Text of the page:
Creative Consulting & Development Works

We are a research, evaluation and communications consultancy, servicing nonprofits, governments and donors with innovative solutions within the development context.

Project: “Providing young people with skills to succeed in South Africa” Programme

Client: Save the Children UK

Save the Children UK (SCUK) has been one of the organisations that have set up a base in response to the growing need for social protection of unaccompanied migrant minors. In partnership with Accenture, SCUK intended to implement a two year pilot programme, which will train both local children and young migrants (aged 14-24 years) in vocational and life skills, providing them with income generation opportunities and also the capabilities to cope with the harsh conditions that they find themselves in.

Project Name:   “Providing young people with skills to succeed in South Africa” Programme

Client: Save the Children UK

Project Duration:

Sector:  NGO, young people

Service provided: Baseline study, Needs Assessment

Project Deliverables:

The overall objective of the baseline survey and needs assessment was to identify what vocational skills are most in demand in the local labour market in South Africa and Zimbabwe, and which of these skills can be effectively delivered through the upcoming SCUK programme.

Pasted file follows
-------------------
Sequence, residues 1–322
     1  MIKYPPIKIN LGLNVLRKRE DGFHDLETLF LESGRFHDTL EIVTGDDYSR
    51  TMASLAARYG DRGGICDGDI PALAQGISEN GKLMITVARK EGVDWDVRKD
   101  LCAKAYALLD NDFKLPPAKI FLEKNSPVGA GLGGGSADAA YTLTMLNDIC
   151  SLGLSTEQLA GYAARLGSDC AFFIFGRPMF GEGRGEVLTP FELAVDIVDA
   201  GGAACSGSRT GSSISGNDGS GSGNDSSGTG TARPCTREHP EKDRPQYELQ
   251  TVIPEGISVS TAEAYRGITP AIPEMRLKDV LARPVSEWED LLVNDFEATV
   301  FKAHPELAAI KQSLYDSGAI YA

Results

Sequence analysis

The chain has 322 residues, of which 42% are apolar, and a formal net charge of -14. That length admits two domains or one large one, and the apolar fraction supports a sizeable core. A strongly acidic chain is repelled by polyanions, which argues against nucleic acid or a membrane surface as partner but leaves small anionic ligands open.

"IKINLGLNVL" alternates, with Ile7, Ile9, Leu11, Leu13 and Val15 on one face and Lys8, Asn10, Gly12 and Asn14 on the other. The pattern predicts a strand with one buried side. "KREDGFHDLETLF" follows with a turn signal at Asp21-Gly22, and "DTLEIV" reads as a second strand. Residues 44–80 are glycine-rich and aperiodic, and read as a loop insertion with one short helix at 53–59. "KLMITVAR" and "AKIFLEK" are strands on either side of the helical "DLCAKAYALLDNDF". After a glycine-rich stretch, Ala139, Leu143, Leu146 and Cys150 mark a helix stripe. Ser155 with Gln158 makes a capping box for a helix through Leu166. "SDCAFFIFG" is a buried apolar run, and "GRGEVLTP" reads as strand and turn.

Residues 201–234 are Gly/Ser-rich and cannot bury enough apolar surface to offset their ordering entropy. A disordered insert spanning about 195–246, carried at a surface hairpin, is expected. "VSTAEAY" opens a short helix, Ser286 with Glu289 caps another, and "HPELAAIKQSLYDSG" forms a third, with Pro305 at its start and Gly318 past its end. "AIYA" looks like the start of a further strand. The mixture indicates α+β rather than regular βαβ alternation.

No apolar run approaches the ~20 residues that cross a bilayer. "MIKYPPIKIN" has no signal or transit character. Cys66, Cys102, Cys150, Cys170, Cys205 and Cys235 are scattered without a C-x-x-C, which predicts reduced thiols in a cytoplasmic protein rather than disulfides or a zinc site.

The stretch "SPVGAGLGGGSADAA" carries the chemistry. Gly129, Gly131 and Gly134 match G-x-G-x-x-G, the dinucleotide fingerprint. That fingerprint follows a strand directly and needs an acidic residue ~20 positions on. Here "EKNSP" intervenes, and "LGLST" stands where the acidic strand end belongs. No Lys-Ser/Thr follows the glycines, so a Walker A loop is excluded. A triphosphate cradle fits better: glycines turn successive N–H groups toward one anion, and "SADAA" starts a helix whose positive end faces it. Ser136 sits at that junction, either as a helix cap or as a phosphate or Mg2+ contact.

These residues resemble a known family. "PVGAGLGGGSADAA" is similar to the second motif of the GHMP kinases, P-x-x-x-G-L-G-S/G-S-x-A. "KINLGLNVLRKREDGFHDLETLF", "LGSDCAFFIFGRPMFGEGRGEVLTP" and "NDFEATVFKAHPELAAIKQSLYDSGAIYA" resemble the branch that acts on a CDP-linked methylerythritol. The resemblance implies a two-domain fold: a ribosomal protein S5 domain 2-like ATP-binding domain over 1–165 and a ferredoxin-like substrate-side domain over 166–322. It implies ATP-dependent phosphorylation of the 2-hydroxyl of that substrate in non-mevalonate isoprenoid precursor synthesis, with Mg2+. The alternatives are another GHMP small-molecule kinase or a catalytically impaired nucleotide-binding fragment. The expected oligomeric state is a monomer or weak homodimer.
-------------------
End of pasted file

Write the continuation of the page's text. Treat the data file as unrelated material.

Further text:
Our Approach:

A combination of qualitative and quantitative research methods were employed. Specifically, the research team conducted a literature review, key informant interviews with SCUK and other stakeholders, focus group discussions with both local and migrant children, and surveys with migrant children.  A total of 70 young people and 29 key informants were interviewed.


–          The vocational training and life-skills programme will offer a more sustainable solution and as the youth become economically independent, they are also likely to be less vulnerable to abuse of any kind.

–          SCUK has nurtured relationships with various stakeholders from both government and the NGO sector and these contacts will be very useful for this project.

–          The residents of Musina and other people from Johannesburg and across South Africa are beginning to view the shelters as a potential source for recruiting reliable workers. Although, this may need to be investigated further to ensure that the young people are not exploited. This may also be built on by linking up the shelters with potential host employers after the training.

–          Vhembe FET College, which has been identified as a training partner, assists students to get employment and this is particularly useful in terms of finding opportunities for students to gain practical experience during or after their studies.

–          The targeted beneficiaries realise that their current way of living, doing ‘piece jobs’, is not sustainable.  With the current Zimbabwean Documentation Project, a lot of migrant young people live in fear of being deported. If they can get skills, it would mean that even if they are to be repatriated, they will be able to utilise the skills back home.